A dislodged or luxated tooth moves out of place. Often, tooth injury symptoms for this problem are visible. You will notice that your tooth looks out of place. When this happens, schedule a visit as soon as possible with your dentist or endodontist.

First, the dentist will stabilize your tooth by repositioning into place and using a splint to hold it. After a few days, for a dislodged tooth that impacted the root, you may need to return for root canal treatment with medication applied inside the tooth. Once your tooth heals, the endodontist will remove the medicated filling and replace it with a root canal filling. 

Whether you need root canal treatment depends on if your tooth’s pulp gets infected from the dislodged tooth. Only a dental professional can determine this, so get care as soon as possible to avoid losing the tooth.

What to Do If You Knock Out a Tooth

When you knock out a tooth, especially one of those in the front, you need to take immediate action to avoid losing the chance to have the tooth replaced. Treat a knocked-out (avulsed) tooth as an emergency that requires a prompt response from you and treatment from a dental professional.

First, find the tooth. However, when you pick it up from wherever it fell, do not touch the root. Instead, grasp it gently by the crown. Ideally, you do not want the root to get dirty.

If you notice dirt on the root, though, never wash the tooth with plain water. Instead, rinse off only the root using either low-fat milk or a sterile saline solution.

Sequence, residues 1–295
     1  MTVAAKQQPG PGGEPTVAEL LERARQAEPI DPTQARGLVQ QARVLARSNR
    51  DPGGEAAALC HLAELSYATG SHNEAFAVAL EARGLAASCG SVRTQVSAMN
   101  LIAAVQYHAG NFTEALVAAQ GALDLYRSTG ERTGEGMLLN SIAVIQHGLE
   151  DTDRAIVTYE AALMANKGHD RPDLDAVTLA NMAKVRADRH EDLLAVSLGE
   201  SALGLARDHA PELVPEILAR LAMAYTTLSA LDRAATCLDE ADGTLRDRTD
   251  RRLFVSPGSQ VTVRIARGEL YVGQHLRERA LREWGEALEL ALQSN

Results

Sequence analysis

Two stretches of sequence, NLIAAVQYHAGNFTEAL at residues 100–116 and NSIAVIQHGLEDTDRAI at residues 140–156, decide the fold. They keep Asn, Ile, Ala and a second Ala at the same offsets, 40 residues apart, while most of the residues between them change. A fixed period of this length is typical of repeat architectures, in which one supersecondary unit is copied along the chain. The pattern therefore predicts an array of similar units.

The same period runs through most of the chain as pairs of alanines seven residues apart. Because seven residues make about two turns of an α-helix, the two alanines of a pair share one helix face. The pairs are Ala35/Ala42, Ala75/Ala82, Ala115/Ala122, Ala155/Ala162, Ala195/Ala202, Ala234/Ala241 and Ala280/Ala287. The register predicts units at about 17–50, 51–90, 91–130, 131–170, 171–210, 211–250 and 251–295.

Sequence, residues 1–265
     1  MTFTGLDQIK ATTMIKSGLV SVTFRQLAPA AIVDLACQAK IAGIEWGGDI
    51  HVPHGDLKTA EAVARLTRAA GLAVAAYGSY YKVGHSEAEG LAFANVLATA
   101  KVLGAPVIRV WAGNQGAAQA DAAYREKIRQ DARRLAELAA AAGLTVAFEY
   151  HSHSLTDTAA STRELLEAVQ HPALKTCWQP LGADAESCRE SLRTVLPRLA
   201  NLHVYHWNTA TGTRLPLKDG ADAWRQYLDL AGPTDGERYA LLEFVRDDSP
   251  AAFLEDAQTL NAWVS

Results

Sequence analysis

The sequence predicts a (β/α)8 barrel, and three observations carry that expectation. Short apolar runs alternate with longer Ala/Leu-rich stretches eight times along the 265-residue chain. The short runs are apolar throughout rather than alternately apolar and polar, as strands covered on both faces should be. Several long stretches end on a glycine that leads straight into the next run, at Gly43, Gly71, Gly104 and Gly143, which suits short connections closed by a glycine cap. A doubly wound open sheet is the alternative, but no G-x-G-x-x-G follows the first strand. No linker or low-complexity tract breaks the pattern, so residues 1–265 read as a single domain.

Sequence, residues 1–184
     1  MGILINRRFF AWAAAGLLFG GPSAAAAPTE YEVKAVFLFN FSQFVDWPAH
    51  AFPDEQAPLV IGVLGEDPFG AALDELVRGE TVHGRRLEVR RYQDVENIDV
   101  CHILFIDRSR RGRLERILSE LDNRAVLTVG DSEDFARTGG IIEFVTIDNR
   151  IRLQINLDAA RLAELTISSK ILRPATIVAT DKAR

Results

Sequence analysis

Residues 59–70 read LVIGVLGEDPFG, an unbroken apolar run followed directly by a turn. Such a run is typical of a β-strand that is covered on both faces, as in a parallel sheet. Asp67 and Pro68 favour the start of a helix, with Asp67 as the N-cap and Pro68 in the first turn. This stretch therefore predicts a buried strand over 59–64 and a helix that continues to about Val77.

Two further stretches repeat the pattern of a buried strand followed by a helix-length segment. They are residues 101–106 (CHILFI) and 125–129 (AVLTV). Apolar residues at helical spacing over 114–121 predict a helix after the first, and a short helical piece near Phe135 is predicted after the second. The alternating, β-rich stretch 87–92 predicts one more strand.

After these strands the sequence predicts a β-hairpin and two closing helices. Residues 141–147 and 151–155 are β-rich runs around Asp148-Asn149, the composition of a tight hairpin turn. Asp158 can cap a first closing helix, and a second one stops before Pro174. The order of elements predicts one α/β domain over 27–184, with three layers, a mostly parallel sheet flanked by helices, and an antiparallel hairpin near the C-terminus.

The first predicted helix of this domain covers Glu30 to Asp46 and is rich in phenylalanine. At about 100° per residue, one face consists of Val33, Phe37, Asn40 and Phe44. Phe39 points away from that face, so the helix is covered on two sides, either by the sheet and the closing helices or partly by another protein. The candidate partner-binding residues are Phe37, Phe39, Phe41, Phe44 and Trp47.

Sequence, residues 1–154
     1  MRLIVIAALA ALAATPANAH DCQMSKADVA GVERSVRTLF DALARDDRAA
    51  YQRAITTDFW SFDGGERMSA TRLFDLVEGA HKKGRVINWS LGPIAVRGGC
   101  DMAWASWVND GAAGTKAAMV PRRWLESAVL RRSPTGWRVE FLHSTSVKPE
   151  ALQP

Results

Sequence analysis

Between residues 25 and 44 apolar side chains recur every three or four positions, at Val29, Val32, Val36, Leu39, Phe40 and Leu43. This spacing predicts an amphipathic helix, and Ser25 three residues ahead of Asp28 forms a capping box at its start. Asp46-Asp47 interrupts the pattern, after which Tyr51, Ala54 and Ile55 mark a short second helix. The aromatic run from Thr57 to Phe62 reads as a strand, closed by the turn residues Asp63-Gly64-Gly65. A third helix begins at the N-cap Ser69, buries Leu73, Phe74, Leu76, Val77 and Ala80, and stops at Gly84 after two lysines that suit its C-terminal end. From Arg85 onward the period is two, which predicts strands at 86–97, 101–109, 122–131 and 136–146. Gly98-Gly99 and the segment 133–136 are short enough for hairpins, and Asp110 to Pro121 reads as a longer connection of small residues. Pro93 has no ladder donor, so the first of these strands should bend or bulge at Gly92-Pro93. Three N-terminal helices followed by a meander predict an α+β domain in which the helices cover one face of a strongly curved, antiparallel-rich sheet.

Once cleaned off, handle the tooth with either a clean washcloth or a piece of gauze to avoid contaminating it again.

With the tooth’s crown held in the clean materials, press the root into the socket. If it still does not stay in place, keep the tooth in a container of low-fat milk on the way to the dentist.

You will only have an hour to do the previous steps and get to a dentist or endodontist for the greatest chances of saving your knocked-out tooth. The endodontist will evaluate your tooth and surrounding areas.

Usually, the endodontist or dentist will put the tooth back into its socket and use a splint to hold it in place and keep it stable. After wearing the splint for up to two weeks, you will need root canal therapy. Losing a tooth breaks off the connecting blood vessels serving the tooth. To save the tooth, an endodontist will remove the infected pulp and replace it with a filling.

Prevent Tooth Injuries

Injuries to your teeth may occur from long-term stress from teeth grinding or from a single event. To prevent grinding injuries, talk to your dentist about a mouth guard to wear over your teeth at night. These devices cover your tooth surfaces and protect them from pressure and abrasion caused by nightly teeth grinding, also known as bruxism.

If you play sports, always wear a mouthguard and face mask. The mouthguards worn for sports differ from those used for bruxism. Sports guards prevent lost teeth as long as players consistently use them. The reduction of mouth and face injuries from 50% of football traumas before 1963 to almost none shows the effectiveness of mouthguards and face masks in protecting the teeth and face. As with bruxism mouthguards, you can get a custom-designed sports mouthguard from your dentist.

Next Steps: What to Do If You Experience Tooth Injury Symptoms

Tooth injuries can cause minor to severe issues to your smile. If you experience any symptoms of tooth injuries, contact a dentist at once. For emergencies, such as a lost tooth, follow the above instructions and bring yourself and the tooth to your dentist to get it back into place. In a dental emergency, call the office while you are on the way to find out if you can get care or need to visit a nearby emergency dental center. If you live in Charlotte and need emergency tooth restoration or care for an injury to a tooth, contact Ballantyne Endodontics or request a referral from your regular dentist.